Clinical Documentation

Topics: Health care, Health care provider, Patient Pages: 8 (2670 words) Published: October 15, 2013

Clinical Documentation System
Excelsior College
October 6, 2013

Clinical Documentation System

Clinical information system (CIS) collects patient data in real time, stores healthcare data and information using secure access to the healthcare team.  (McGonigle & Garver Mastrian, 2012, p. 554).  The CIS that is used at Texas Health Dallas is CareConnect.  CareConnect is used by all of the Texas Health Resources (THR) encompassing 25 hospitals, affiliated physician offices, and ancillary facilities.  CareConnect allows physicians and management to access the system on their mobile devices and home computer for real time data.  The shift for CIS is set for implementation throughout the United States by 2015.  The clients served are those in the community that THR provides healthcare services to.  The electronic health record is shared amongst the healthcare team and other affiliates. Data collection can be continuously updated, used for “statistical evaluation for purposes of quality improvement, outcome reporting, resource management, and public health surveillance.”(Yamada, 2008, p. 5). Data collection is generally initiated in the ER, and other times when the patient is at the physician's office or in the outpatient service line.   To reference inpatient services, data collection begins in the ER.  The patient's allergies, current medications, medical history, vital signs, immunizations, suicide screening and domestic violence screening are all obtained upon the patient's arrival to the ER.  The gathering of this information, initiates a process for interdisciplinary data collection.  All healthcare team members can access a patient’s previous visits whether it is outpatient, inpatient, diagnostic or office visit.  Labs and radiological tests are shown by date and time and are listed in chronological order. The clinical staff member logs into the system, selects their patient using a tab-based system, which allows for the clinician to retrieve the data they are searching for.  For example, there are specific tabs set up for medications, patient history, results, and orders. The CareConnect system functions as it is intended to as it allows the clinical staff to obtain the data entered, and promote a care plan based system which focuses on the diagnosis of the patient.  CareConnect provides an organizational tool for the nurse to be able to update and enter data on an ongoing basis, as well as, making it possible for multiple users to access a specific patient’s chart simultaneously.  All information is centralized which allows the healthcare team access and prevent redundant testing. This system allows for orders and patient specific data to be clearly written which avoids the concern of illegible handwriting risking potential error. “Workflow analysis is a study of the way documents, information and people related to a process move through an organization, in order to improve efficiency.” (Wilkerson-George, Roark, Turner, Urby, & Kerr-Kanabec, 2011, p. 8).  CareConnect supports workflow by the ease of use when charting patient data.  For example:  when a patient arrives in the emergency room, the patient is triaged using the triage tab. This prompts the nurse to enter all required documentation during this time as directed by “best practice” standards. Best practice standards are the required screening tabs such as fall scale, suicide screening and immunization screening. Next order sets for a given chief complaint are selected and the physician selects specific patient orders.  Order sets can be defined as labs, diagnostic studies and nursing interventions for that particular complaint.  For example: a patient presents with chest pain, the order set includes:  Chest x-ray, EKG, CBC, CMP, Troponin, continuous heart monitoring and pulse oximetery.  The next step involves assigning to a room and physician then signs up for the patient then reviews patient information via...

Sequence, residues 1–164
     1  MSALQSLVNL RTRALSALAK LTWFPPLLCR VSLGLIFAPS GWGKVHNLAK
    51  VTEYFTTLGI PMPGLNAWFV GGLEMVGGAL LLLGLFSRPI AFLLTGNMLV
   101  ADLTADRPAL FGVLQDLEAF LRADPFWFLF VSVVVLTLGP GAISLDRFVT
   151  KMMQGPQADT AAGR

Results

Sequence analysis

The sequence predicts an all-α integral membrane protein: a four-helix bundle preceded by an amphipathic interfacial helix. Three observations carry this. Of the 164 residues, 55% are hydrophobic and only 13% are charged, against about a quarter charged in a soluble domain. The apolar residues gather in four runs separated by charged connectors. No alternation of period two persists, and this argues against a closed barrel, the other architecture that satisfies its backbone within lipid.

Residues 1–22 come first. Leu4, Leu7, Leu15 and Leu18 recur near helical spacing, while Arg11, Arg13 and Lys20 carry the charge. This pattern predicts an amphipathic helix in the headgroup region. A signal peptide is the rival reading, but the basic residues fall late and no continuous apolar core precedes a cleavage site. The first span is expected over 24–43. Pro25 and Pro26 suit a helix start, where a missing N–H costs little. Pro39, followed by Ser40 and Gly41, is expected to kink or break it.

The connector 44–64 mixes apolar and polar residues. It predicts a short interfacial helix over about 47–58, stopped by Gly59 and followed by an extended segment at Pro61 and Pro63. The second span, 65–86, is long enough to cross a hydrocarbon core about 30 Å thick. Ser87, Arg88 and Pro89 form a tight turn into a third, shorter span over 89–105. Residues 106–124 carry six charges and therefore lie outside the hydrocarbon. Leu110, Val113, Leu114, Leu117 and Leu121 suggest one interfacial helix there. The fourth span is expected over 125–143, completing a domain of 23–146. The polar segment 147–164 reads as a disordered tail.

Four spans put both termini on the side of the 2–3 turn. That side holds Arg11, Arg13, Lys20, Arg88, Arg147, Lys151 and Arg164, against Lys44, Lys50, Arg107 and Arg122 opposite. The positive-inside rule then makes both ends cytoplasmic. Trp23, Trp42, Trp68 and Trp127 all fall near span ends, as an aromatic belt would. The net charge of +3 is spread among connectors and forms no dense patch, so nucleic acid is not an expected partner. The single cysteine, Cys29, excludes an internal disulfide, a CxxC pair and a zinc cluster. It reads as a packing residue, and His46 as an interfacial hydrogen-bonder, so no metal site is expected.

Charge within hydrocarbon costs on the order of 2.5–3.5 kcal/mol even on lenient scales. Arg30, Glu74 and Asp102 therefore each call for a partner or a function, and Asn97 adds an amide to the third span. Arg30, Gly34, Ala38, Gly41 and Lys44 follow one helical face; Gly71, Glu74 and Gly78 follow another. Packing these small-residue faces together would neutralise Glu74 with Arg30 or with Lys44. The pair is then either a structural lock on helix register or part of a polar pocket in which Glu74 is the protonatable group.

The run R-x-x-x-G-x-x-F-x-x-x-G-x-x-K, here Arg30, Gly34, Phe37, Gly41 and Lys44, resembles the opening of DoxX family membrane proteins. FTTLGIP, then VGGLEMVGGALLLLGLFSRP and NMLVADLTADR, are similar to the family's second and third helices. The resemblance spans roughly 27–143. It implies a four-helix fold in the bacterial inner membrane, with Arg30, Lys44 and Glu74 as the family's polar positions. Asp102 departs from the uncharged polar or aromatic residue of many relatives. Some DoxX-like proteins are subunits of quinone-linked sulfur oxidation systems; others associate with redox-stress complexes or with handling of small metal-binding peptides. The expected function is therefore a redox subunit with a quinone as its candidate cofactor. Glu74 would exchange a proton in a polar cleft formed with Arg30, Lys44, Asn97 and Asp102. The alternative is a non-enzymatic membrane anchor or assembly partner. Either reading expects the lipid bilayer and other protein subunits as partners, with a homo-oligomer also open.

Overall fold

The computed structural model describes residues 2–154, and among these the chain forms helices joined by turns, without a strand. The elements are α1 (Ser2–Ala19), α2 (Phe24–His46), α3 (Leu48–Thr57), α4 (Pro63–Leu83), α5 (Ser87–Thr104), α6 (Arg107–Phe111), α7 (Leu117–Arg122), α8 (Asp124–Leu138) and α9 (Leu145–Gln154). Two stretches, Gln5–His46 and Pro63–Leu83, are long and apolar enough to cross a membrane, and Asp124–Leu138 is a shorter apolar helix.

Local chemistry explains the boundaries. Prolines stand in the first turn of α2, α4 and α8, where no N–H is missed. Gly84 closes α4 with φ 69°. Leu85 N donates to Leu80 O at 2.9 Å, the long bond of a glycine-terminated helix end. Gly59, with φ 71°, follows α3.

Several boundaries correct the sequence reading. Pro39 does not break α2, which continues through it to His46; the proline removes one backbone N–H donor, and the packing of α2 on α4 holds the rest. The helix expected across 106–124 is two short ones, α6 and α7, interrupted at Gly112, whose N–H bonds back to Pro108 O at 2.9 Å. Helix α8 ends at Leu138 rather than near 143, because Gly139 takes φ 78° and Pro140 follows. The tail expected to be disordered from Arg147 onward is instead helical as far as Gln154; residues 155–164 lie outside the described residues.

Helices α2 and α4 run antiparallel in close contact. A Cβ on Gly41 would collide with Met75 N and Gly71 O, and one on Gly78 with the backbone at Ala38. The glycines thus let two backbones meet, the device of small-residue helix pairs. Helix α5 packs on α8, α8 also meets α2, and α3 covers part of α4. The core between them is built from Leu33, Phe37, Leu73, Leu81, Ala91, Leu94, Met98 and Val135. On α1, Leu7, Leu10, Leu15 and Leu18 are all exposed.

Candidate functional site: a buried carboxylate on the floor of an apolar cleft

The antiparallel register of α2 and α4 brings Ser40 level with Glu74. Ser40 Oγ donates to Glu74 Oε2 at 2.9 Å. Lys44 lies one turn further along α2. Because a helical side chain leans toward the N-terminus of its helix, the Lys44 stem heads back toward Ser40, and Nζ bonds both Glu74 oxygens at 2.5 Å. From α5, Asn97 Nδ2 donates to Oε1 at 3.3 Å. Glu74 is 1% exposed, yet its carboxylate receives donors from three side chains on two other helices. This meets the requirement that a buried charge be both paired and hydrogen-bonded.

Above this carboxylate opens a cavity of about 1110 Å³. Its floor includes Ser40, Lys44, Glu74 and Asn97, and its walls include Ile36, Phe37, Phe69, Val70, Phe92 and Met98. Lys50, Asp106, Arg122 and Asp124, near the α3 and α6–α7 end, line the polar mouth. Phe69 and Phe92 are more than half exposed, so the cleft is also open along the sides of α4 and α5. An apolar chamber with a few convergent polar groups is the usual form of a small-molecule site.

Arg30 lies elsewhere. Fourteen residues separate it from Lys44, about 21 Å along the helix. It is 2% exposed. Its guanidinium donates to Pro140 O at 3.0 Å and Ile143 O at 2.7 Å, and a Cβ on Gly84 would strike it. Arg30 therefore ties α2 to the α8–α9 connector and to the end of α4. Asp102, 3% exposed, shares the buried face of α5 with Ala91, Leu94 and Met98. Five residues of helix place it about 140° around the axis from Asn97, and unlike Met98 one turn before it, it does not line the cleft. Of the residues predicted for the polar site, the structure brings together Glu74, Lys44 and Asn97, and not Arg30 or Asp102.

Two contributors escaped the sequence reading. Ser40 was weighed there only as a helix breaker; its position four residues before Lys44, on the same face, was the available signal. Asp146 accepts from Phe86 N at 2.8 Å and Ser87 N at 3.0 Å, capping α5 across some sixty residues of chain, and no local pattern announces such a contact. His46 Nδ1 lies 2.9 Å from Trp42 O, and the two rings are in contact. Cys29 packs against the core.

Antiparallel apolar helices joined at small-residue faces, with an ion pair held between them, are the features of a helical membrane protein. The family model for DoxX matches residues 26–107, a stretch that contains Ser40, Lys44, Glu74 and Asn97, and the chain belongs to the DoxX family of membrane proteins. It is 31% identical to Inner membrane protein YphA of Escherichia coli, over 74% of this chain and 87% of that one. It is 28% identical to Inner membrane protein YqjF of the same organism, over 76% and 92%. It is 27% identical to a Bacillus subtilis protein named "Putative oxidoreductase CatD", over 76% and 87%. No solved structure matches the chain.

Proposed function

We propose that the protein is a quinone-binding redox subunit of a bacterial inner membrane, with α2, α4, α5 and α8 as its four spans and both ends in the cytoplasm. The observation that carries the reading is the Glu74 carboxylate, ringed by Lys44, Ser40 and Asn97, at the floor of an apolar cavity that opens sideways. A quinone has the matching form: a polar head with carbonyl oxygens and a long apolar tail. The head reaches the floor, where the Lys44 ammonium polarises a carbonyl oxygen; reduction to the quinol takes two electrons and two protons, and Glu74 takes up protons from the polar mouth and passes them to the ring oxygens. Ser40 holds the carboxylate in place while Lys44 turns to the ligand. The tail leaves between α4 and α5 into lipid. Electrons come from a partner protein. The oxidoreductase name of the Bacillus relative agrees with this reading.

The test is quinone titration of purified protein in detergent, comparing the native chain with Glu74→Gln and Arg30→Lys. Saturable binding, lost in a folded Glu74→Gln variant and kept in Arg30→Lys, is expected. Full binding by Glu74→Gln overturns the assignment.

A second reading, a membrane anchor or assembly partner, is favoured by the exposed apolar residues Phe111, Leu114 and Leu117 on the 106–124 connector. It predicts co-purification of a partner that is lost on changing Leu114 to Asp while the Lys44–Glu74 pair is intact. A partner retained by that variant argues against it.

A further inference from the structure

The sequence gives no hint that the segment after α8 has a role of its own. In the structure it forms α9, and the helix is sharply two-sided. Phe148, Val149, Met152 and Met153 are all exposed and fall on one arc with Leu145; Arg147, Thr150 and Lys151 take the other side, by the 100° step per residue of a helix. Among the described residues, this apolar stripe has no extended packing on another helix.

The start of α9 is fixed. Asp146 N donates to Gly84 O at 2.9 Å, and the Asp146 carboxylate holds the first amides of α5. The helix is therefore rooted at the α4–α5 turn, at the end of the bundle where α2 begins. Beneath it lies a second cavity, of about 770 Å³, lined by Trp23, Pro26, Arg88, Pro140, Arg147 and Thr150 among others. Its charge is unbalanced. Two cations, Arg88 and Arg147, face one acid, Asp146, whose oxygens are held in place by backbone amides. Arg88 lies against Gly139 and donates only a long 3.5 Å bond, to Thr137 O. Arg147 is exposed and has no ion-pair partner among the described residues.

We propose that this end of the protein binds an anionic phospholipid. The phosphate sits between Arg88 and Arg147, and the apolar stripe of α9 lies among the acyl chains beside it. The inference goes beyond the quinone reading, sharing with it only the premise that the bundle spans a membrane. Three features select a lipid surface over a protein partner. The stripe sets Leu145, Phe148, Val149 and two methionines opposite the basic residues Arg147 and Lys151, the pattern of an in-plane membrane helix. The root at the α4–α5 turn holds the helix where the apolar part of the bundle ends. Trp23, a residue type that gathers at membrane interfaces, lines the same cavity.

References: Hoffman, S., & Podgurski, A. (2011). Meaningful Use and Certification of Health Information Technology: What about Safety?. Journal of Law, Medicine & Ethics, 77-80.
McGonigle, D., & Garver Mastrian, K. (2012). Nursing Informatics and the Foundation of Knowledge (2nd ed.). Burlington, MA: Jones & Bartlett Learning. Retrieved from
Wilkerson-George, J., Roark, T., Turner, R., Urby, R., & Kerr-Kanabec, K. (2011, January 21). Tips On Workflow Analysis During an EHR Implementation [Webinar]. U.S. Department of Health and Human Services, 1-53. Retrieved from
Yamada, Y. (2008, July 1). The electronic health record as a primary source of clinical phenotype for genetic epidemiological studies. Genomic Medicine, 21(1-2), 5.
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